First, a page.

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Gifting, Character, Encouragement, Opportunity

December 7, 2007

“About eleven years ago in my former church an elderly gentleman tapped me on the shoulder after a service. He began a discussion on preaching and, to my suprise, suggested that I might have the gift for it. Weeks later I was given the opportunity to actually preach. While this was no doubt painful for the congregation I was ‘inflicted’ upon, it nevertheless began a confirmation process that eventually resulted in the recognition of a spiritual gift… I’ve come to believe that many younger, middle aged and even older men are spending their lifetimes in the pew, when they could be preaching in the pulpit, for the simple reason that no-one has ever tapped them on the shoulder.”

So began The Preaching Course yesterday evening during our social get-together before Christmas. Let me expand on my opening gambit a bit further and suggest that prospective preachers may actually require four things to get going.

1) Character

One criteria we had for attendees of The Preaching Course is that they be relatively mature Christians. Someone who might otherwise be gifted for the task might still be precluded from consideration (temporarily or permanently) because of a lack of godliness in their lives. While no expositor is perfect, preaching especially requires a ‘blameless’ character to underpin its credibility. This was confirmed powerfully last evening when our group answered a question about their ‘most influential preacher.’ Though household names were mentioned, a great many godly and relatively unknown pastors were also touted. These faithful men had deeply impressed their congregations with a combination of careful preaching and careful living.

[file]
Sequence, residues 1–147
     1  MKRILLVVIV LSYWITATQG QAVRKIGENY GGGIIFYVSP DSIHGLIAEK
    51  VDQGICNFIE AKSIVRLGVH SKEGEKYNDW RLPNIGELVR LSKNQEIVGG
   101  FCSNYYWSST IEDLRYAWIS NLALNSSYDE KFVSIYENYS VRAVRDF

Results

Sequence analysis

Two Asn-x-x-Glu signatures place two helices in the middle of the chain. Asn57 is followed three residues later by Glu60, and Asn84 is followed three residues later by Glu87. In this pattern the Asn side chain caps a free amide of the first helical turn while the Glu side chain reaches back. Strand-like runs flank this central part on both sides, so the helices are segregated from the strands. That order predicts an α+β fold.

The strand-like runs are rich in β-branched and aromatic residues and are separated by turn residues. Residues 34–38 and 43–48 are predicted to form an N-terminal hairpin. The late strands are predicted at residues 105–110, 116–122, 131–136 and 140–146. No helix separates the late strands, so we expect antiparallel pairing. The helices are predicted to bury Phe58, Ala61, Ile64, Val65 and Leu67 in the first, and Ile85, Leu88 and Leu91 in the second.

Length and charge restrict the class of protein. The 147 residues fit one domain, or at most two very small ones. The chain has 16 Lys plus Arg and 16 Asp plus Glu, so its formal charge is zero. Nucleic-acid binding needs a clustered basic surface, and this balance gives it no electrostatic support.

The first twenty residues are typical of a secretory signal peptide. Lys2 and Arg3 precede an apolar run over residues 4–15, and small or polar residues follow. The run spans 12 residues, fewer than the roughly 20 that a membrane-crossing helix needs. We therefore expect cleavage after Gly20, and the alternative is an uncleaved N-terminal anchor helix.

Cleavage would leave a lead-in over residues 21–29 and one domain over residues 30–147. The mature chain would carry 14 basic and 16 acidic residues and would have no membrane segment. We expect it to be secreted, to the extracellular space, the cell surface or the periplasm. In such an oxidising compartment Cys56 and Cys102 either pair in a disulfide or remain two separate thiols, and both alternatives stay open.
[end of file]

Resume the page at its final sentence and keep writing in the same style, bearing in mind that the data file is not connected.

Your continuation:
2) Gifting

Clearly pastor-teachers are a ‘gift’ to the church (Eph 4) and therefore they do require divine ‘gifting’ for the task. The level of gifting will vary from person to person, however, though I suspect that we can readily set the bar too high as well as too low. Lets face it, not all of us can be Don Carson. A great many of us, though, could be faithful, clear communicators of God’s Word. But how will such a gifting be evaluated without prospective preachers being tried, tested and encouraged? This leads us to the last two points.

3) Encouragement

Often we make the category mistake of assuming that because God calls preachers (and he does) we humans should not meddle in someone’s rise to the pulpit. As a result, we may do little to encourage nervous young men to take their first steps up those intimidating steps. When we consider Jesus ‘hands on training’ of his disciples, however, as well as Paul’s patient nurturing of Timothy, it seems that there was much by way of human involvement in the development of these preachers. Do we need to get better at finding ways of ‘tapping men on the shoulder’?

4) Opportunity

Let me state the obvious: prospective preachers need pulpits to preach from. This need not involve proclaiming God’s Word before 1000 people on attempt number one; in fact this would be positively unhelpful! However, it could mean preaching to 30 or 50 people in a smaller congregation. In our little course, therefore, apprentices will preach in a ‘live-setting’ in within smaller churches within a reasonable radius of Edinburgh. Whatever way we do it – whether during a less formal evening service, other midweek church activities, or with assistance from smaller churches – we need to find opportunities for testing the gift.

One comment

  1. […] person’s interpretation of what the calling of a pastor should look […]



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